Review: Shadowyze "Comin' Home"
Shadowyze first came to prominence over a decade ago as a lone wolf among the handful of Native Americans rapping at that time. Now that a generation of Indians has grown up with hip hop as a major form of pop music, Shadowyze has become the head man of the movement. His productions have always been dense, multi-layered walls of sound supporting his politically charged lyrics. As he holds a master’s degree in anthropology, Shadowyze’s words work like stylized footnotes and corrections to history’s telling of the Native American experience. This new track is a continuation that tradition.
“Comin’ Home” has that heavy Southern bass sound that shows Shadowyze’s roots along with beautifully distorted guitar samples, inspired by heavy metal, that cut through the air like well-aimed daggers; it’s an old school combination thoroughly updated for the contemporary age. However, regardless of how compelling his music is, ultimately Shadowyze has something on his mind he wants to tell you about, and that’s what sets him apart.
Lyrically, Shadowyze uses the braggadocio technique of rap not to promote himself, but to give a sense of the strength and power that is inside the Indian community; the opposing “gang” is the indifferent Federal Government. “Comin’ Home” is a tribute to Native artists in New York City, the very land that was infamously “bought” from the Indians for a few trade goods. Shadowyze’s rap is like a street gang ready to take back their stolen territory; “…And now we’re comin’ home, On the block again, Y’ain’t never walked a mile in our moccasins… So here’s a head load, Say Y’on the Red Road, First Nations’ comin’ back and we’re never lettin’ go…” It’s a celebration of what is going on today that harkens back to the events from centuries ago, and it’s uniquely Native American; no one else would make such a connection.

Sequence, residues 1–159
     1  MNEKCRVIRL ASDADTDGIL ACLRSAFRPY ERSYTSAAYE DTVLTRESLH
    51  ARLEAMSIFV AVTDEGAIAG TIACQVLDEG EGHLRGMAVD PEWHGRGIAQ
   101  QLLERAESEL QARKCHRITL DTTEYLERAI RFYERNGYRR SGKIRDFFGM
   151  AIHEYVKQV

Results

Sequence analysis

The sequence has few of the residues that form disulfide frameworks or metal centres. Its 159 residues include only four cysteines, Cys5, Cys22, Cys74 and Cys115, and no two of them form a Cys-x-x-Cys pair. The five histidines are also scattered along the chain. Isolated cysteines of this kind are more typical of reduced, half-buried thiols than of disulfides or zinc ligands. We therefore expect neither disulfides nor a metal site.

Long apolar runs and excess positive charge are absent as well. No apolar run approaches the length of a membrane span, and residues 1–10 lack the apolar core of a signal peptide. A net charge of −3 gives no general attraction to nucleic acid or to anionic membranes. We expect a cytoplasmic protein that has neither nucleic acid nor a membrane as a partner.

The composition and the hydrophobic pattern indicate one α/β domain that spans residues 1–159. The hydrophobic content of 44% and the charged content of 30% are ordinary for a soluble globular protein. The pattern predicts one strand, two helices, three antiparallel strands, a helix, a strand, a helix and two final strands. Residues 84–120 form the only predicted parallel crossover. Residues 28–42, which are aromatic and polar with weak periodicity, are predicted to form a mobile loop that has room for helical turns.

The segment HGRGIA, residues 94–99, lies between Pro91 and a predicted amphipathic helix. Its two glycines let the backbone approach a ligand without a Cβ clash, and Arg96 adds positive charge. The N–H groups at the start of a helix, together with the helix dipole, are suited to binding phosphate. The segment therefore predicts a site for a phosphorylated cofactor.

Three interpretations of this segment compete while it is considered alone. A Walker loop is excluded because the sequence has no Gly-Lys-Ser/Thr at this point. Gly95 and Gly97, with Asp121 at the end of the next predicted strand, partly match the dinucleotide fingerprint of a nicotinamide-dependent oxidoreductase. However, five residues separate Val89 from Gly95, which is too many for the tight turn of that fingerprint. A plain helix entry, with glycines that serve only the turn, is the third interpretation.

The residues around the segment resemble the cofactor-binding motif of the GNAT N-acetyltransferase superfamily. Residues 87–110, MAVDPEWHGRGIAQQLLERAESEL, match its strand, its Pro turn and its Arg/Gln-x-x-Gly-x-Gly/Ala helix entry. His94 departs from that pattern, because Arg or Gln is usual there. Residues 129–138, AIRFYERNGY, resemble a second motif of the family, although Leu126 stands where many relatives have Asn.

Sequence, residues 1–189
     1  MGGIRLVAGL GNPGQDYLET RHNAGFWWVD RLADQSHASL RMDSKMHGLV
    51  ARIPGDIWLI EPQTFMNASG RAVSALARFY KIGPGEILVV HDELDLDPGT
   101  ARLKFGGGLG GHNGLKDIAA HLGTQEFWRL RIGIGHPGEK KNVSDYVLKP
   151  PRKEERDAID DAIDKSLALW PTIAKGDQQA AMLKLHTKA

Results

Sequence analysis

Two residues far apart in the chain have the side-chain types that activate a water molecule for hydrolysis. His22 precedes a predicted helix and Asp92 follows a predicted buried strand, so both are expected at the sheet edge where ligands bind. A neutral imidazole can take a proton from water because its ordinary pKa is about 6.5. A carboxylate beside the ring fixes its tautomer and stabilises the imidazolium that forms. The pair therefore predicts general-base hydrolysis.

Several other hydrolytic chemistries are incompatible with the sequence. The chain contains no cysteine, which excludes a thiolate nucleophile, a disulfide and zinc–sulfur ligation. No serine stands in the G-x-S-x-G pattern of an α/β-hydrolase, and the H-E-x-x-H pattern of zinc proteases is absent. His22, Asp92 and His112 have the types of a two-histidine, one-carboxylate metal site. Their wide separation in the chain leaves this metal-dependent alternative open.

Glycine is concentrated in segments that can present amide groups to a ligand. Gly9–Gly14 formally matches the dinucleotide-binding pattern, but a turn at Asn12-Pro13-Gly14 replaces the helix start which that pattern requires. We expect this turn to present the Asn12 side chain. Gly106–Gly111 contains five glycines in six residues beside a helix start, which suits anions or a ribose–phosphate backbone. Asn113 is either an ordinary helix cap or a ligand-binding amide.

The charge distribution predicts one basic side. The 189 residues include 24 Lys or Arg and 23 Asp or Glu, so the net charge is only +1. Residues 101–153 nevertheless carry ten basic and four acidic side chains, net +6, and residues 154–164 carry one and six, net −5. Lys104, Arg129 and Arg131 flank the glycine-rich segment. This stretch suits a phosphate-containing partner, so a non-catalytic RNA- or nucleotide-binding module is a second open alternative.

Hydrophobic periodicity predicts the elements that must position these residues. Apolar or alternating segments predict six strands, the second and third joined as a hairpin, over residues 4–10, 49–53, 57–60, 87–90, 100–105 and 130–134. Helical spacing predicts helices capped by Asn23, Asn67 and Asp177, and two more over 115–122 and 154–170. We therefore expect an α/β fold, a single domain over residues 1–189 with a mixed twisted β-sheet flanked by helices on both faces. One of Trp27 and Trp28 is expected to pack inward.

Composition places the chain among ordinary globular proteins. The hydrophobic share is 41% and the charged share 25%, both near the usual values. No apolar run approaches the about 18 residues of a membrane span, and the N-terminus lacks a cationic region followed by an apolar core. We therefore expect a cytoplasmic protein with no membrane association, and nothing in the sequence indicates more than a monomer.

When the big text book of Native music is written many years from now, there’s no doubt that Shadowyze will be a major entry in it, not just for being there at the birth of Native rap, but for having such a literary approach to his political views, which ultimately come out as metaphorical social satires. Like everything by Shadowyze, “Comin’ Home” is not just a song you’ll crank up in your car; it will also trigger thoughts in your mind long after you’ve turned off your music player.
Wilhelm Murg is a freelance journalist who started in the punk underground of xeroxed fanzines in the 1980s, helped shape the alternative press scene in the Tulsa area as the editor of Infinity Press and OUTline Magazine in the 1990s, and has written for many Native American magazines and papers. He is an avid record collector and dog lover.
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